Another possibility for initiating research using a new idea is to use a small portion of the current financial support to conduct some pilot studies.  That work costs the scientist both money and time, and it can be done only when there actually is some extra money and extra time available; both conditions often are very questionable.  If the pilot data are very promising, then attention is given to composing a strong application for an additional research grant; that takes many months, meaning that this promising new project with a second grant could be started only at least one year later.  More realistically, an application for a small exploratory research grant can be submitted to dedicated funding sources (e.g., American Cancer Society); the preliminary data obtained then are used to compose a strong application for a new standard research grant.

New ideas are not repressed by innovative models for funding research studies! 

To be able to more freely explore and use new ideas for research, a Principal Investigator must have some free time, supplemental funds, and a working atmosphere that encourages trying new research approaches and new studies.  Those are strong features of the very innovative research support programs and special institutes recently established by James E. Stowers (see: “A Jackpot for Scientific Research is Created by James E, and Virginia Stowers!  Part II: The Stowers Institute is a Terrific New Model for Funding Scientific Research!” ) and Paul G. Allen (see: “Getting Rid of Research Grants: How Paul G. Allen is Doing It!” ).  The unusual features of these support programs will result in research breakthroughs that were not otherwise possible when the same investigators were previously working with regular research grant support.

General discussion about new ideas in science!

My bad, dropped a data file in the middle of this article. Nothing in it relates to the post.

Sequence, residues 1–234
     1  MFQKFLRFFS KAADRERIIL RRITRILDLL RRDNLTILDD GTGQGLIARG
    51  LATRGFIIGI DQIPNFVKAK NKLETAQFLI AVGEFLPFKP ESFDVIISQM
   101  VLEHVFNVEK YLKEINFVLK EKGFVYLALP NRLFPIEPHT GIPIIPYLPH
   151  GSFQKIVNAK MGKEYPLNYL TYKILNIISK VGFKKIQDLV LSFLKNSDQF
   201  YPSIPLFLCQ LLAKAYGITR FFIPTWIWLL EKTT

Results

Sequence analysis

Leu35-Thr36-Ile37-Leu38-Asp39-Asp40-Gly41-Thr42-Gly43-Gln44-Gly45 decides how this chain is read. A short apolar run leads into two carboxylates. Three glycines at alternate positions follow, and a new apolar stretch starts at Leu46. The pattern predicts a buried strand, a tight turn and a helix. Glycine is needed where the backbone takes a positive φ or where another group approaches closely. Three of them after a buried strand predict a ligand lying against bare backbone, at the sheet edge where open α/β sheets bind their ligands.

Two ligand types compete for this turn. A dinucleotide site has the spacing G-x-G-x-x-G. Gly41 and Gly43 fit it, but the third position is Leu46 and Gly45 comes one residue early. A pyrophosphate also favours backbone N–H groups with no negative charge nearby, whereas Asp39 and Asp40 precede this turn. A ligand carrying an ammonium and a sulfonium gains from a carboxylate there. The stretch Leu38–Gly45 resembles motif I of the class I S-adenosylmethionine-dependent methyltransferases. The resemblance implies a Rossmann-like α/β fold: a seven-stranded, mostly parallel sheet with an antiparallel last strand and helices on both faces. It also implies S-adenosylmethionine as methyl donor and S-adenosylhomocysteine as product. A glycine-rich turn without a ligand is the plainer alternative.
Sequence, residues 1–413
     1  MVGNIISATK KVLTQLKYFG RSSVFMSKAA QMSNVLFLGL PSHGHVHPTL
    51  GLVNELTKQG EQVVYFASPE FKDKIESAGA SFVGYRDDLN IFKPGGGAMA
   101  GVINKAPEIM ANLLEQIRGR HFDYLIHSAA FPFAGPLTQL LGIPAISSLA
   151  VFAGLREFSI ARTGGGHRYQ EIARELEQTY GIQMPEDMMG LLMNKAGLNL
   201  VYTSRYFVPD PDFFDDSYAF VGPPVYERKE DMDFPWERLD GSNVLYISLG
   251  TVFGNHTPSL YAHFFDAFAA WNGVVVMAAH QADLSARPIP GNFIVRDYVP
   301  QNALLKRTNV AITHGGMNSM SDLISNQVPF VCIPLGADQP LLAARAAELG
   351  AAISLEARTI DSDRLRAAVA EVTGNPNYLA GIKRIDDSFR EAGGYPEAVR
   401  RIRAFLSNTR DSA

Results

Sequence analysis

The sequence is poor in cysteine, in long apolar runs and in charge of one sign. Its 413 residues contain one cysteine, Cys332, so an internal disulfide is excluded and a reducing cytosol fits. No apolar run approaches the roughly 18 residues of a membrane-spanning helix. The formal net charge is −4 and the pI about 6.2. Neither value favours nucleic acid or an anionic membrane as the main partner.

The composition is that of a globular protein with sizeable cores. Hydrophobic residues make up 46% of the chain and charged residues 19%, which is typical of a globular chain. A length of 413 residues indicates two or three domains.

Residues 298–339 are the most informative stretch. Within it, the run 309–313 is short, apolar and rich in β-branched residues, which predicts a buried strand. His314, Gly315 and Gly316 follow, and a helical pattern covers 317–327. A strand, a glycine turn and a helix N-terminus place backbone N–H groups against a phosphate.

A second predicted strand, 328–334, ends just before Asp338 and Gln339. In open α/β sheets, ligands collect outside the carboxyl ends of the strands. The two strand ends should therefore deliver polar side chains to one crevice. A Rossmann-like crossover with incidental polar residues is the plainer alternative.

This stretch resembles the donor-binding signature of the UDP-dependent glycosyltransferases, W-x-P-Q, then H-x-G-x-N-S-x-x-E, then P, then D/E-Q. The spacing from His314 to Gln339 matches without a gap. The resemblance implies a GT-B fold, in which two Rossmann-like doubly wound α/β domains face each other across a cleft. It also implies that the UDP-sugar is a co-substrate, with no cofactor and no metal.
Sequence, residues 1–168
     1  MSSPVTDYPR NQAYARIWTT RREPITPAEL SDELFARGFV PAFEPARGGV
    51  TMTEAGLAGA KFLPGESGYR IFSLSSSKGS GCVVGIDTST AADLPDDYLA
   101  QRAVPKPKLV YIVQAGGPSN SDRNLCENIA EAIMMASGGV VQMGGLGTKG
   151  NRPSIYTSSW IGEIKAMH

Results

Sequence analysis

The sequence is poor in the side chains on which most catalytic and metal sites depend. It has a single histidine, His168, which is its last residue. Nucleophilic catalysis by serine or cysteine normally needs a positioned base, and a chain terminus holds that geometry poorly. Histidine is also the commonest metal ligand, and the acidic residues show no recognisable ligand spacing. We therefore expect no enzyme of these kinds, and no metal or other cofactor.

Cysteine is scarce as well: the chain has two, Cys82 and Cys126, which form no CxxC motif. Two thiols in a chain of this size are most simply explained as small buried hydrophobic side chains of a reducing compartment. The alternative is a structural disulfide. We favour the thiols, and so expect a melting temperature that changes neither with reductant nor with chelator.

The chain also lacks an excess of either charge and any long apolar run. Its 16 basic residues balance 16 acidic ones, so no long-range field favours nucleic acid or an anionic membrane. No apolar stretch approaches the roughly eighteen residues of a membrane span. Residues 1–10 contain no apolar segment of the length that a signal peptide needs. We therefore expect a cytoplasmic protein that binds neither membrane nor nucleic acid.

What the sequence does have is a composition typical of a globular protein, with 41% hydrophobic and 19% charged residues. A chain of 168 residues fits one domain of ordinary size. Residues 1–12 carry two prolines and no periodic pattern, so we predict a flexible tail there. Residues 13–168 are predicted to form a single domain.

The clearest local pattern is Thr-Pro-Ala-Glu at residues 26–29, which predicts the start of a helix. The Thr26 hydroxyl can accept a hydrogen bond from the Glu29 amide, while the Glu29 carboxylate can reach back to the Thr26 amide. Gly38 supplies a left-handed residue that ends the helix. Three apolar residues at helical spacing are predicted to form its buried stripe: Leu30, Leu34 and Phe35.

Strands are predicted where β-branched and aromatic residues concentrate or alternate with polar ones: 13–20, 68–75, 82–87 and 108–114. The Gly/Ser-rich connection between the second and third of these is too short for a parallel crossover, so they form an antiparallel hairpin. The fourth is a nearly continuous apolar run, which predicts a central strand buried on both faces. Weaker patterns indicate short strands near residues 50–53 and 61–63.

The main message here is that faculty scientists do come up with many good ideas, but these are not easily put into practice unless they are closely related to their present research grant.  If a determined scientist would somehow move their current grant into supporting a new project, that decision almost guarantees non-renewal.  With the multiple restrictions now prevailing, only a very few new research ideas ever will be pursued; thus, the practical conditions generated by the research grant system and modern universities repress the creation of research ideas that are new, creative, and significant.  It seems totally pointless to faculty scientists to try to work on anything not directly related to their funded project!

Grant-supported faculty scientists today have little choice in dealing with new ideas because they are slaves to their research grant!  The system discourages creativity and questioning, so new ideas are simply discarded!  When all the restrictions are realistically considered, the best possibility for activating a new research idea is to make such into part of an application for renewal of a funded grant.

Concluding remarks! 

Yes, research freedom is very important for science!  Having new ideas for research is essential to all scientists, but putting the good ideas into practice is not very easy due to restrictions imposed by the research grant system, the time problem, and the commercialism now rampant at modern universities (see: “What is the Very Biggest Problem for Science Today?”).  Fortunately for the progress of science, some new research ideas do manage to be activated despite all the restrictive difficulties!